Helane Becker: Right. And then the only other question that came in had to do with pilots. Some of the airlines in China had been reliant on foreign pilots. And I know they were, [00:27:30] I don’t know if the right word is furloughed, laid off, terminated, whatever. Do you see that being a permanent, I don’t know, a thing, the right word, that those pilots won’t be coming back to China?
David Yu: At the moment, remember in a relative kind of cost point of view, the foreign pilots [00:28:00] were handsomely paid folks. And they made anywhere I’ve seen from anywhere from three to 10 times as much as a local pilot, at times. So from that perspective, a lot of them were first to go, right? The cost is relative. And today, [00:28:30] the demand isn’t there enough that the existing pilots are utilized 100%, so I don’t see the big spurge or a big increase in foreign pilots reentering the space until things stabilize a bit more. So, to me, this is just how long is the recovery going to take, type question as well.
Helane Becker: That’s really great. [00:29:00] And that was kind of the last question I had. Is there anything that wasn’t asked or I didn’t ask that you wanted to add as a closing remark?
David Yu: Yeah, I guess I wanted to say that, look, everyone’s trying to look at many data points and try to read the tea leaves as they say, and we all do, lots of data, et cetera. But at the end of the day, what we see is [00:29:30] in the most kind of a need for help is many folks have not come to fruition in the sense that they need to assess their risk or their positions more, finally. I think a lot of people are still either don’t want to hear it or are in denial or just still in shell shock. But I think that the more people who will have are coming grips to [00:30:00] what’s happening today, I think that way we can get out of this faster. So I guess that would be my concluding remark.
Helane Becker: That’s really helpful and well reasoned and thought out. And Dr. Yu, thank you very much for participating in our discussion this morning. I really appreciate your time and we’ll let you go and say, have a nice weekend and stay healthy.
David Yu: [00:30:30] Thank you very much us too, you and all the rest of you as well, stay healthy and I hope we get through this, all of us, soon.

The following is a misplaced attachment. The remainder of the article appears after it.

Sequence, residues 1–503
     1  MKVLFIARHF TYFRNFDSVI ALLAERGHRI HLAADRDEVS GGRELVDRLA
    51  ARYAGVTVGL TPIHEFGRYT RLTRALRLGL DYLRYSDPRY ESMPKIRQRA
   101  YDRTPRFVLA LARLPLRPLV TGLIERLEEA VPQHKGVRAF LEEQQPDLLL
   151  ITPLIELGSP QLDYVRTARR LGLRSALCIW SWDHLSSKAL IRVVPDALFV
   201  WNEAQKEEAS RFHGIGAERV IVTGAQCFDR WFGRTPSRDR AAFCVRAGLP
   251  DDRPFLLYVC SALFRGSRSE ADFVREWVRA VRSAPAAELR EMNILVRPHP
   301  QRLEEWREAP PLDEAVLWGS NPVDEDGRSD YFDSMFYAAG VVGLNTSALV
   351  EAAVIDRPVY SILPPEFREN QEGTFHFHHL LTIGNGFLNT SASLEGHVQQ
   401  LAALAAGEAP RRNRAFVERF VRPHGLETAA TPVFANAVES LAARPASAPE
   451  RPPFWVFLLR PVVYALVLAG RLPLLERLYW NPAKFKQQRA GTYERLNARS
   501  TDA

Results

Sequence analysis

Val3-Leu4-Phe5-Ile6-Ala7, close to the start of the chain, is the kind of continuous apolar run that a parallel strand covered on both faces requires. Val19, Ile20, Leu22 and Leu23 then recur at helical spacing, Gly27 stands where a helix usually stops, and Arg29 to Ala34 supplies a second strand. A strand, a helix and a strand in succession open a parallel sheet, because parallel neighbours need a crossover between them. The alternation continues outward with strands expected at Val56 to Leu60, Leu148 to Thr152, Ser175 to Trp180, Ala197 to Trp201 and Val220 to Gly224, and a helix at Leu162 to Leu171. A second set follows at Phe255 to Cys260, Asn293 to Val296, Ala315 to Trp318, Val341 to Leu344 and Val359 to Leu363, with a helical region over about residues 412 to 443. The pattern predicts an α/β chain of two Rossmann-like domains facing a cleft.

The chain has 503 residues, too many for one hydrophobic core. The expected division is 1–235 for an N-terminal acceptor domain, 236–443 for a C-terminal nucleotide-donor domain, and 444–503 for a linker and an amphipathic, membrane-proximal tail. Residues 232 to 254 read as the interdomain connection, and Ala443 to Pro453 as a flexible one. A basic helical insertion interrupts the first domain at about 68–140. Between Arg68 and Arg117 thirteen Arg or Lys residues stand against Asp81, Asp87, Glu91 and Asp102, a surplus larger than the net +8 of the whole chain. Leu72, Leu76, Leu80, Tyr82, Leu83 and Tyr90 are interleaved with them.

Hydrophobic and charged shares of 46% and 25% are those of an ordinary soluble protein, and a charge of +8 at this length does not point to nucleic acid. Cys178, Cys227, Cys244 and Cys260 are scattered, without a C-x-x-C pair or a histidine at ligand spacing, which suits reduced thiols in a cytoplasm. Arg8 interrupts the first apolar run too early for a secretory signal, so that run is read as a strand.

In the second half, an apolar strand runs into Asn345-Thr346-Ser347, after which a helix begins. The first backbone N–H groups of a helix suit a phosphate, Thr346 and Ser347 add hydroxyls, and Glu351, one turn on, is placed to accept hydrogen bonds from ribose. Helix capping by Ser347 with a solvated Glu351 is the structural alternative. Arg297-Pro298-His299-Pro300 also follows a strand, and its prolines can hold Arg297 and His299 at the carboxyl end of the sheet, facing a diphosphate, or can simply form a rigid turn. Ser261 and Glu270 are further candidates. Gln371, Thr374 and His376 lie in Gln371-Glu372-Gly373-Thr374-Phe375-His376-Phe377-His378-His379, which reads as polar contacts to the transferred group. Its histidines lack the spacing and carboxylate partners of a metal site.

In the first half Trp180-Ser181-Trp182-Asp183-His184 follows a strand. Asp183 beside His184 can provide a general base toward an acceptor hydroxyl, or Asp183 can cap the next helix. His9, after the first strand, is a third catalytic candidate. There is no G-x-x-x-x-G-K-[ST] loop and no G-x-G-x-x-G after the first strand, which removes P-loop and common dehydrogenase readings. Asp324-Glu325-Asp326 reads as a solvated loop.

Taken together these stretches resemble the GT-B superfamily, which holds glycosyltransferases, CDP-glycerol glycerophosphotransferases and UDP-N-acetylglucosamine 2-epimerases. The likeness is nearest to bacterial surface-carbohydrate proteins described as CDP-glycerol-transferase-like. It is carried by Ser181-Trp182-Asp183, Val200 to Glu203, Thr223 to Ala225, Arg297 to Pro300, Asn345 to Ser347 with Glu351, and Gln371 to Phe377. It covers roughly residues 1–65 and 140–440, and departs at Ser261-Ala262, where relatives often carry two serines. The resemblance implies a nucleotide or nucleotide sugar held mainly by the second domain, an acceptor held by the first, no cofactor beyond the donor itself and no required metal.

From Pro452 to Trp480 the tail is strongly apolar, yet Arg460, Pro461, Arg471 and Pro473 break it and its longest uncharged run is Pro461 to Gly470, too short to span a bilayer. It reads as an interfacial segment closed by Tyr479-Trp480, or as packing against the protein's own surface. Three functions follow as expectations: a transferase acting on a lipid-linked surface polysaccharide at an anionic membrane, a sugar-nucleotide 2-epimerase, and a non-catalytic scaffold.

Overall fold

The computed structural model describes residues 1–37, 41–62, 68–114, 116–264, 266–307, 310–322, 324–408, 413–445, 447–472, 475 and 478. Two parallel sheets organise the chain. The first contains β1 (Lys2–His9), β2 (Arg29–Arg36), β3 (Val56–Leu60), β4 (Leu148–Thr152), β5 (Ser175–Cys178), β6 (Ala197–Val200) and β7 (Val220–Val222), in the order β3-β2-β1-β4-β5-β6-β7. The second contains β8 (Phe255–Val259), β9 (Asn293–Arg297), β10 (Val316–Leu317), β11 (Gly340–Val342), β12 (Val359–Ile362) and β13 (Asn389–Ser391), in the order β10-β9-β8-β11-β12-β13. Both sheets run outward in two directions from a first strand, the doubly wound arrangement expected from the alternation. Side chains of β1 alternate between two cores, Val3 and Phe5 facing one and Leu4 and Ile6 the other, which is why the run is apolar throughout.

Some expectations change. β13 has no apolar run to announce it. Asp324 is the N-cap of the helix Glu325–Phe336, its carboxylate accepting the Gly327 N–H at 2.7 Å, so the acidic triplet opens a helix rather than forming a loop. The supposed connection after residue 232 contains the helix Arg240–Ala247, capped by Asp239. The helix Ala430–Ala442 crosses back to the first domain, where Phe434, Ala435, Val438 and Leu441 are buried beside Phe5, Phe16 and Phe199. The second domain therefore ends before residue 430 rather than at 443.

Helane Becker, Airlines & Aircraft Leasing Analyst
Prof. David Yu Chairman of China Aviation Valuation Advisors, based in Shanghai
Professor David Yu is Chairman of CAVA & AAVA. He is the only Senior ISTAT (International Society of Transport Aircraft Trading) Certified Aviation Appraiser in N. Asia & China and one of ~20 globally. He is a professor of practice in finance at New York University Shanghai and Stern School and is a recognized expert in cross border investing, financing and valuation. His articles and op-eds have appeared in Forbes, Nikkei Asian Review, Business Traveler, Airline Economics and he is a contributing editor at Airfinance Journal. He is an active business and economics commentator for China Radio International, ARD German, ABC Australia, among other media. He is a Senior Instructor for IATA. He is the external thought leader in aviation finance and leasing for KPMG Ireland and also a recognized Aviation Expert by the Export Import Bank of China and the Tianjin Free Trade Zones among others. He acts as a board director or advisor of companies (incl. airlines) and investment funds.
Previously, he was the Managing Director and Head of Asia for IBA Group, a UK based aviation valuation firm. CIO of Inception Aviation and the China Chief Representative, VP Asia (Head of Asia) and Executive Committee member at Libra Group, a large Greek family investment conglomerate, where he was responsible for all of Libra’s Asian interests including aviation, shipping, energy, hotels and real estate. Prof. Yu was based in four continents before running Asia and founding the China business. Prior to Libra, Prof. Yu worked in investment banking with Bank of America Merrill Lynch’s Global Industries Group, where he focused on M&A, debt and equity transactions in transportation, aerospace and defense, and diversified industrials.
Prof. Yu is a CFA Charterholder and has a double major B.A. (full honors) and an M.S. from Johns Hopkins University. He also has an M.B.A. from New York University’s Stern School of Business. He has a Ph.D. in Finance from University of Nottingham Business School and studied at Peking University’s Guanghua School of Management and the National University of Singapore’s School of Business. He is a member of ISTAT and CFA Institute and is a frequently invited speaker at conferences.